PN: I want to talk a little bit about how in the book you look at the Earth from “on high,” even from space, and how you integrate that with talking about dailyness, what you do in your home and your workplace. How do you transmit that as a teacher to your students, working with them to learn the braided essay form?
NW: That’s one of my favorite things to teach. I think it’s really important to get the reader into the space as soon as possible. My poor husband and children, I will avail the world to them because I feel like….they’re just little stories. They’re just anecdotes. And like with the madeleine, we all share some version of family, some version of friends, some version of community, and we also all share little versions of the frustrations we have. But if you can get the reader into the story that way, then you can persuade them to stick around maybe, so you can talk about your data points around global warming or your concern about the acidification of the ocean or your dream that maybe it will be whale poop that will save us. Wouldn’t that be great? Whale poop creates more plankton, and the more plankton we have, the more carbon oceans can absorb.
I think if you began that way – though some people might be interested in that – to begin with data is a different kind of book. It is to say, “I offer you,” and then these things you get from environmental books. You either get guilt, or you are ripping your hair out in frustration, or you get just plain data. That can be really useful, and obviously we need those kinds of books, too. But in this book I really wanted people to feel like they could relate to a person and then look at the bigger picture.
So when I teach it, I try to teach students to look at a small thing in their lives, whether it is a memory of their first kitchen, or the bark on a tree, even. I tell them that “Ok, that’s the little story, now how do we go from there. Think about something you can’t wrap your brain around. Think about something you obsess about. What’s the last thing you Googled? Let’s do some research on that.” And then I ask them to go back and forth between that idea of the personal story and big story. What happens is that in between, recurrent images come, there are repeated phrases. Things happen to create the connective tissue between that small idea and that big idea, and then when they go to revise, they can use that connective tissue to really re-state almost an argument.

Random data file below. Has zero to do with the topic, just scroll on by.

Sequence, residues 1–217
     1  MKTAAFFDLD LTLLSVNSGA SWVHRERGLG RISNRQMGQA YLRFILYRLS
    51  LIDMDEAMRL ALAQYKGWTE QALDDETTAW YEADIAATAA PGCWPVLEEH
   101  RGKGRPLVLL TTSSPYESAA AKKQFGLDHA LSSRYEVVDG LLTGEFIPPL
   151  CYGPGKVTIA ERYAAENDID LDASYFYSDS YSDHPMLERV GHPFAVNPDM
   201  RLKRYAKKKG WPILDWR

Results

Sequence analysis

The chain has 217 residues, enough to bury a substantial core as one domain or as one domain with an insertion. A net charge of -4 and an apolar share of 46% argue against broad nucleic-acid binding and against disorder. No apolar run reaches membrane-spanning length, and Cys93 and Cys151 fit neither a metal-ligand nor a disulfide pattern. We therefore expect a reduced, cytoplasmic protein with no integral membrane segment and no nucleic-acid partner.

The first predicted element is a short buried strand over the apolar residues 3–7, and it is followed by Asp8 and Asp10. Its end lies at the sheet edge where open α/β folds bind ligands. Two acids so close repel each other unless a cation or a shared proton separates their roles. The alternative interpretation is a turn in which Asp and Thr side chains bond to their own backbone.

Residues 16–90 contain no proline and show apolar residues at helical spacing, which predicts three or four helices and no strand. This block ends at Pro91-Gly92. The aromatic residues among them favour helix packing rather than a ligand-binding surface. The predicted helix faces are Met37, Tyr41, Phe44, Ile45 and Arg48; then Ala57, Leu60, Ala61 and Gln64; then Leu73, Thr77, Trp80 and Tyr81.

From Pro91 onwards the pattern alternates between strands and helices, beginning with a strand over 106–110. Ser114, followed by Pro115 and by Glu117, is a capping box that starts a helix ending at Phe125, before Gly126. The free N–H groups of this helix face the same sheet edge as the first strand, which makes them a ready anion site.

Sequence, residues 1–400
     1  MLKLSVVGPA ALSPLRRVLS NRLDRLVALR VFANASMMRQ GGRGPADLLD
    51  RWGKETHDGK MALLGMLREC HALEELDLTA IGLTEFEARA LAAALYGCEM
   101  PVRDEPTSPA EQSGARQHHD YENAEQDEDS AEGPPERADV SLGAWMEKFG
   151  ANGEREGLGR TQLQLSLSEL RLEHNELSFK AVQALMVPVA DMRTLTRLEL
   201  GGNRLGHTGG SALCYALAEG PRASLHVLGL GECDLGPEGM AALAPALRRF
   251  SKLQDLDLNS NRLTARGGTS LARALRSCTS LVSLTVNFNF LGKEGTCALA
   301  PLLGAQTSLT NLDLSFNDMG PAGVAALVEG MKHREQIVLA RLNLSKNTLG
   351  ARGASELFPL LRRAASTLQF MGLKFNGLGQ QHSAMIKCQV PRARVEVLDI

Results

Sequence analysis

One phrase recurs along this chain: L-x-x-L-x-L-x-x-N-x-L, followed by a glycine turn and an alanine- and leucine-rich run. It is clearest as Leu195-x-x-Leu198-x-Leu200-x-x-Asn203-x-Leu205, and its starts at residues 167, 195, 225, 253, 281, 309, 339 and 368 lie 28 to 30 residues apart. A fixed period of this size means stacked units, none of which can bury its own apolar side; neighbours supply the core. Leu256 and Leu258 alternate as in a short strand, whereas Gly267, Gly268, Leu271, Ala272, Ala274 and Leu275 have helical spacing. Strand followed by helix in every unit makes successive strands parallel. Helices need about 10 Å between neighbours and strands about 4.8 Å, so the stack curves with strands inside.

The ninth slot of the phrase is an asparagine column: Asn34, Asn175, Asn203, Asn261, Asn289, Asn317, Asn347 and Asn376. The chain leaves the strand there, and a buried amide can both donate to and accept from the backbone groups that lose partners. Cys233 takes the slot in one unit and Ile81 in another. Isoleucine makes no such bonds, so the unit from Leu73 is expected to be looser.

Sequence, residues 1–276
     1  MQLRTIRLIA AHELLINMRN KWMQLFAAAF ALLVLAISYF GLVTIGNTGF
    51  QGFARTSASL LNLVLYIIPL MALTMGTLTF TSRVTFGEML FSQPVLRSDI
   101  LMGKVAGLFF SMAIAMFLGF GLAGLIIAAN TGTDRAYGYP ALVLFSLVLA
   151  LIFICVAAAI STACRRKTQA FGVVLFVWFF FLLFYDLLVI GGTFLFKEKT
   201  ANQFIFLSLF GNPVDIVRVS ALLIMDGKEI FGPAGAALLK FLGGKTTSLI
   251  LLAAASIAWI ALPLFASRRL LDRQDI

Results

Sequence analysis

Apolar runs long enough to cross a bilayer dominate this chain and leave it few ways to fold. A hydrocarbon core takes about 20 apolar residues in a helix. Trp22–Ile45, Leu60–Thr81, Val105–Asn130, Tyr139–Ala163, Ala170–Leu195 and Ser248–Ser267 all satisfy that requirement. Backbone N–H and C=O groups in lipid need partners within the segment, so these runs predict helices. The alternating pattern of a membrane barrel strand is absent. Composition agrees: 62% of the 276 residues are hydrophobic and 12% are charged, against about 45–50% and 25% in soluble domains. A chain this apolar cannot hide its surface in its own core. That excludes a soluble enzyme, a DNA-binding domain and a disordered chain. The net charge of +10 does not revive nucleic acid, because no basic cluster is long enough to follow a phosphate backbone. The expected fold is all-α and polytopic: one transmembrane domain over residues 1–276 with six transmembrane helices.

I had a student in workshop last week who wrote an essay about luck. She wrote a personal story about playing Boggle, and then she wrote about the definition of luck, some different cultural understandings of luck, and some idiomatic expressions of luck, and by the time she got done, she told a story about how she thought luck was just this thing that happens, but she turned it inside out to say that what’s really the lucky thing is being able to play a game with these people all night long. So that really, to me, is a great way to re-create an understanding of how the brain works, how it takes one synaptic idea and moves to another, and use that as a structure for students in an attempt to write an essay that is both personally meaningful and globally meaningful.
PN: It probably works the other way, too, right? You get a science major who just signed up for a class, and you’re like, “Now you read and write poetry! I’ve had students I feel like I’m dragging through personal writing, but if they feel like they’re writing about a larger issue….”
NW: Yeah, that can compel them into the personal story.
PN: If one of the big takeaways from reading your book should be connectivity and finding a way to enjoy life despite knowing what’s coming for the Earth, can you talk a little bit about things you read for enjoyment?
I do like to read a lot of dystopian fiction…
…but also, what I like – and maybe this is along those ideas of connectivity and expansiveness – my dream is that our brains work like the universe, or what we want to believe the universe is working like, that it’s constantly growing and expanding. And so the books I read, I want them to be genre-bending, because that’s the thing that’s most surprising to me. That’s the thing that makes me think new thoughts, or think I’m thinking new thoughts.
Right now I’m reading Paul Beatty’s The Sellout, which is just one long dramatic monologue in novel form, or a novel in dramatic monologue form, about a guy trying to re-create a space in Los Angeles, an African-American farm community, and it’s totally amazing the way he uses idiomatic expressions and assumptions about African-American culture. He’s hilarious, and it’s crazy, and I love it.
I just read Robin Wall Kimmemer’s book. She’s a member of the Potawatomi Nation, but she’s also an ecologist. She braids together – the book is literally called Braiding Sweetgrass – and she braids together the story of her cultural understanding of plants and “Western civilization”’s idea of plants, so you know twice as much about plants. She also brings out personal stories abut her kids so you feel really grounded in a place. And so anything that can really sharpen those connections for me is the kind of book that I really like to read.